5 Things to Remember This Holiday Season

The holiday season can bring mixed feelings for many, but it can be a particularly challenging time of year when you are recovering from an eating disorder. Food-centric activities, difficult family dynamics and not to mention the – sometimes – insensitive comments made by loved ones can bring heightened stress and trigger eating disorder behaviors.

When you feel overwhelmed, stressed or anxious around this time of year, try to remember what the holidays are really all about. Here are five things to help you realize that this season is above all a time of joy, family, gratitude, and love.


Remember to take deep breaths. Deep breathing sends oxygen to your brain which re-energizes you and helps you to feel more calm and centered. Whenever you feel anxious or overwhelmed, take a moment to bring your attention back to your breath.

Try to notice the texture and rhythm of your breath. Don’t try to change it – simply notice it.

Take time for yourself

You don’t have to say “yes” to every social engagement that comes your way. It’s perfectly okay to take some time to recharge your batteries. Go for a nice walk, listen to your favorite music or read a good book. By slowing down, you will have more energy to actually enjoy the holiday celebrations.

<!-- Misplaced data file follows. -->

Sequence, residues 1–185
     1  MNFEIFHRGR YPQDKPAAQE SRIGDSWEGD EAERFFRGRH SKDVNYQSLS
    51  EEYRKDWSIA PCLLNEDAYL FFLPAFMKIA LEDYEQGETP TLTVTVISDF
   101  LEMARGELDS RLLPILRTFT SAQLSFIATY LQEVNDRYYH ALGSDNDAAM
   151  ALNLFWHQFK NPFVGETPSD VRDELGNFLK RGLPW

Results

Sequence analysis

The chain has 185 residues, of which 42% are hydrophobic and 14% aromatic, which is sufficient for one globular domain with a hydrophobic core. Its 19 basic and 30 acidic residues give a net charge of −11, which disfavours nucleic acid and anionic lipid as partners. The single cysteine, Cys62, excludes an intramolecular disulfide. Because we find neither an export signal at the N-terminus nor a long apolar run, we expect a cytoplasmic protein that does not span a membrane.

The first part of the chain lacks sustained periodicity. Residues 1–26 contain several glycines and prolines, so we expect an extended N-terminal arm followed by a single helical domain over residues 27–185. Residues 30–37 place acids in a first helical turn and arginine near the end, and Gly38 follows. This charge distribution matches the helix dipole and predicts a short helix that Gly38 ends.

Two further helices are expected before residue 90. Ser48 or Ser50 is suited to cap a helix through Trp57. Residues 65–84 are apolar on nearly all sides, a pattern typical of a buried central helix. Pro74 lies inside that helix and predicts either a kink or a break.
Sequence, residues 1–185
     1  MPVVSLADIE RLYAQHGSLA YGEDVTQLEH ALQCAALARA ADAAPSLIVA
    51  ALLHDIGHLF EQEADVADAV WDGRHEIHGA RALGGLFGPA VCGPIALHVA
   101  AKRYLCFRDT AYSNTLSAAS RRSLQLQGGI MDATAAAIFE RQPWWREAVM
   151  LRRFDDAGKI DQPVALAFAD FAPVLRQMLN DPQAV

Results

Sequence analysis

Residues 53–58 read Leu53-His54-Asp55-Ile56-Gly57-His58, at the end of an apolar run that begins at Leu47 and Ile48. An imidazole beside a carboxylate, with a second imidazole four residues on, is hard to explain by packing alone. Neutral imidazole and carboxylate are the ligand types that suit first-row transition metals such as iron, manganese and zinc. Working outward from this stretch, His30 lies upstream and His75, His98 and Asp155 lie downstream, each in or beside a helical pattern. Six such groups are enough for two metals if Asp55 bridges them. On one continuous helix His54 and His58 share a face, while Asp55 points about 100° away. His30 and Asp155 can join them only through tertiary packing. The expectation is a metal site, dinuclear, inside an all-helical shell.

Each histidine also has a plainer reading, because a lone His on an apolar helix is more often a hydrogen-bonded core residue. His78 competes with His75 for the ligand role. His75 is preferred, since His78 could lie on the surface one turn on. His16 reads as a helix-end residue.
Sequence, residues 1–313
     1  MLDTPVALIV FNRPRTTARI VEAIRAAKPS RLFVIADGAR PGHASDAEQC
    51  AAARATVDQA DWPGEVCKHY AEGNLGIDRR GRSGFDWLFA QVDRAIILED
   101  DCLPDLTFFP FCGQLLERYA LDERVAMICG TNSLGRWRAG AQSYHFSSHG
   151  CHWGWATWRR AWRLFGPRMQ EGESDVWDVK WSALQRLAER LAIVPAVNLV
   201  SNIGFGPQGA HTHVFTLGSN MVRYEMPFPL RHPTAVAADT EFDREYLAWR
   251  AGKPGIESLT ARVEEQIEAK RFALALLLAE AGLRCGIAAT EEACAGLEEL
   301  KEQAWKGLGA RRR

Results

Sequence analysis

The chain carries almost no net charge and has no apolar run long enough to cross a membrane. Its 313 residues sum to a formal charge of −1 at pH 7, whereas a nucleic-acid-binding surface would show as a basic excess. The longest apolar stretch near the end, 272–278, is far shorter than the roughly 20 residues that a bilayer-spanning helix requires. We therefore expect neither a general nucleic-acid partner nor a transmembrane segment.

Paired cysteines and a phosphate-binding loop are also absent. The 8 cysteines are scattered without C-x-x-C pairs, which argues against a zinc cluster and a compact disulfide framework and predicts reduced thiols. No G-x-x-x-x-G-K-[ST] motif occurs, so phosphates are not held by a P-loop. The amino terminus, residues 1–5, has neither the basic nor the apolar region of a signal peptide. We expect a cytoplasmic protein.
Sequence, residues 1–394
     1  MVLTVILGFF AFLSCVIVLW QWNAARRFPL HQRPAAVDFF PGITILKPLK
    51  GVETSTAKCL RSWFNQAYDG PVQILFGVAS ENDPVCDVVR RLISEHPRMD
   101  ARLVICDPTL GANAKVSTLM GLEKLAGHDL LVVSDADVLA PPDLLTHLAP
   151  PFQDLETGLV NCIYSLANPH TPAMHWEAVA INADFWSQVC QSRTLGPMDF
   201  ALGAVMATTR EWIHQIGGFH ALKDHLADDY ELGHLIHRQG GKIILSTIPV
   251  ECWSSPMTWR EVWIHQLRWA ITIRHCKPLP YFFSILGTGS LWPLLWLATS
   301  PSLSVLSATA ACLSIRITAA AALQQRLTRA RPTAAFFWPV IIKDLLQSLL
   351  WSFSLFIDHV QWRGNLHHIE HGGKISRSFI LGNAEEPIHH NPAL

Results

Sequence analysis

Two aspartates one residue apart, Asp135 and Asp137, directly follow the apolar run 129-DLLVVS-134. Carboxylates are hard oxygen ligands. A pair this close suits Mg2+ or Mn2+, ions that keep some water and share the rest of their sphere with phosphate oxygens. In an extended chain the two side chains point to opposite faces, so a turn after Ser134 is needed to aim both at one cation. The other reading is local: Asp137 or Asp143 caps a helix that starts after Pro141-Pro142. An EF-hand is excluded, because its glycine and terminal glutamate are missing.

Create new memories

During the holiday gift shopping madness, it’s easy to lose sight of the larger goal of appreciating your life and the people in it, and creating new memories to treasure. Take a moment to remind yourself what this season is really all about because the best gifts – the ones that will last for a lifetime – are the memories that are made this time of year.

Don’t compare your family situation to a Hallmark card

We all know the postcards of perfect families where everyone looks so jolly and happy to be together or Facebook and Instagram posts of beautifully decorated Thanksgiving dinner tables and perfectly decorated Christmas trees. But those aren’t the whole truth, nor reality. They don’t show complicated family dynamics, screaming toddlers running around because they can’t sit at the dinner table for three hours straight, brothers and sisters fighting over Christmas gifts, burned Turkeys, or fighting family members who only see each other once or twice a year. When you find yourself comparing your life to the lives of others or the pictures you see in magazines and on postcards, turn to the present moment in front of you and find ways to appreciate it.

Be grateful

When you find yourself worrying about food, complicated family dynamics or Christmas presents, try to remember the true spirit of the season and be grateful for the present moment. The holiday season is the perfect time to take a moment, pause, and reflect on the gifts you’ve been given and the people you have in your life. Practicing gratitude has also proven to be one of the best methods for reducing stress and increasing feelings of joy, pleasure, and happiness.

Happy Holidays!

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